Investors face headaches as residents evacuated from towers in Sydney

An issue with apartment towers in Sydney’s inner south has seen its residents evacuated and has highlighted the need for investors to keep calm in stressful situations and avoiding a panic sale.

Mascot Towers spi

Mascot Towers, a series of apartment buildings in Sydney’s Mascot, have seen tenants evacuated under speculation the buildings may be uninhabitable.

Landlords could be faced with some high fees for displaced tenants, according to advice given by the Fair Trading NSW.

The advice, provided by the department in a statement, reminded landlords that if tenants need to temporarily move out due to the property being wholly or partially uninhabitable, rent can be waived or reduced, and can give tenants grounds to issue a termination notice.

This could mean investors could be left with a vacant rental property that may remain empty and tenants could be without a home for the foreseeable future, situations that Peter Koulizos, chairman of the Property Investment Professionals of Australia, is concerned about.

“It’s certainly a very difficult position for the… tenant, and it’s also a difficult position for the investor because the bank still wants their mortgage repayment, even though they may not be collecting any rent and may not be collecting any rent for a while until things are rectified,” Mr Koulizos said.

“Even if things are rectified, the two buildings that people in Sydney are going to remember are Opal Towers and Mascot Towers. That would be much harder to find a tenant to go in live in one of those buildings based on the history of the construction of the building.”

Who’s to blame?

The cause behind the claims of potential uninhabitability is largely unknown as of publishing, but speculation has linked the construction of the Peak Towers development next door to Mascot Towers – a link that Andrew Hrsto, managing director of developer Aland Developments Group, outright rejected.

“Recent media speculation attempting to link Aland’s high-quality project Peak Towers and the unfortunate events for the owners and occupiers of Mascot Towers is not only wrong but without any evidence,” Mr Hrsto said.

“Independent investigations are being undertaken to determine the cause of structural damage to the 10-year old Mascot Towers at 1 - 5 Bourke St Mascot.

“Until these investigations have been completed, speculation about the cause of the damage is unhelpful.”

What needs to be done?

Despite Mr Koulizos’s previous claims that it would be more difficult for investors to find tenants if they held a rental property in a building like this, he said this issue would only affect investors in the short to medium term, and as such investors should continue to hold onto their property.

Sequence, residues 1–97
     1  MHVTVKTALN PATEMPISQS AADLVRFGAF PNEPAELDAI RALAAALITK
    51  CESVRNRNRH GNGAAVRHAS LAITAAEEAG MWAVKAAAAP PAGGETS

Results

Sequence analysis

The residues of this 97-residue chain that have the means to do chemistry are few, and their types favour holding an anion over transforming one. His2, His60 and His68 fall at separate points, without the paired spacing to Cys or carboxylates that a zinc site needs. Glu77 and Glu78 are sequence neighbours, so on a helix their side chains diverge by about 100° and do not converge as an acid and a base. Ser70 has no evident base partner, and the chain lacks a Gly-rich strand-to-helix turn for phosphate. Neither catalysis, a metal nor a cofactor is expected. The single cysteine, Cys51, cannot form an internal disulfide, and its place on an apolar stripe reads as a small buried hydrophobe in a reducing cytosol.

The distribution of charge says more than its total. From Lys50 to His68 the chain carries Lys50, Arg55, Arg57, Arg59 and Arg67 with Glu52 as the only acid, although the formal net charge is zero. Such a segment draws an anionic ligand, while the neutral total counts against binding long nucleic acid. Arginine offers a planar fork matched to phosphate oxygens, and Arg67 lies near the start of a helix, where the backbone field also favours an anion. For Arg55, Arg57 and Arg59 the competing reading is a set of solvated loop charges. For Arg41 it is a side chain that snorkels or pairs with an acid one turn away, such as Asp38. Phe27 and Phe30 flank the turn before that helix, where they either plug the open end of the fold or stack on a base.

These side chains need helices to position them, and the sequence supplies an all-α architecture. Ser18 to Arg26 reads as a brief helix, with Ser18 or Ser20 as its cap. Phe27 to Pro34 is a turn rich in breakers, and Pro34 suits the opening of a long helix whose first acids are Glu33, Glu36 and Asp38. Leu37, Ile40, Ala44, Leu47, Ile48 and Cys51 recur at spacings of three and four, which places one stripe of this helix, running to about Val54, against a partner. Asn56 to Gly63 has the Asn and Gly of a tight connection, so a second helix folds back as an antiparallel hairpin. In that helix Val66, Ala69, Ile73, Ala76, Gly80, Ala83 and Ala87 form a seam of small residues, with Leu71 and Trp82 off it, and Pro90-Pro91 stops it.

“People’s memories will diminish with the passing of time, so probably the worst thing they could do now is panic and sell,” Mr Koulizos said.

By waiting, investigations will run their due course, and there is the possibility that there is nothing wrong with the construction of Mascot Towers.

“It (the investigation) might find that there was actually nothing wrong with the integrity of Mascot Towers, it was the construction of the building next door which may have damaged the foundations and the developer next door is liable to fix the building,” he said.

“Maybe Mascot Towers will end up being better than new in time to come.”

Moving past the physical buildings themselves, the situation with the Mascot Towers has reignited discussions for further assistance from the state government to bring change to the building and construction industry.

The big picture

Adam Mainey, director of private certification firm Concise Certification, claimed that public perception that the faults that occurred at Mascot Towers were the responsibility of the certifier was unfounded.

“Similar to Opal Towers, this isn’t a building element that is required to be inspected by the [certifier and] is the responsibility between the builder, formworker, concreters and project structural engineers,” Mr Mainey said.

“Until such time as the NSW government implements accreditation/registration for builders and structural engineers, these issues will continue within the building industry.”

This sentiment was shared by Engineers Australia, labelling the Opal Tower situation that occurred five months ago as “a major wake-up call for NSW to get serious about reform”.

“NSW has been slow to move, but it is not too late if we start now,” Jonathan Russell, national manager of public affairs at Engineers Australia, said in a statement.

“It shouldn’t take a crisis for government to act in the interests of community safety and consumer protection.”

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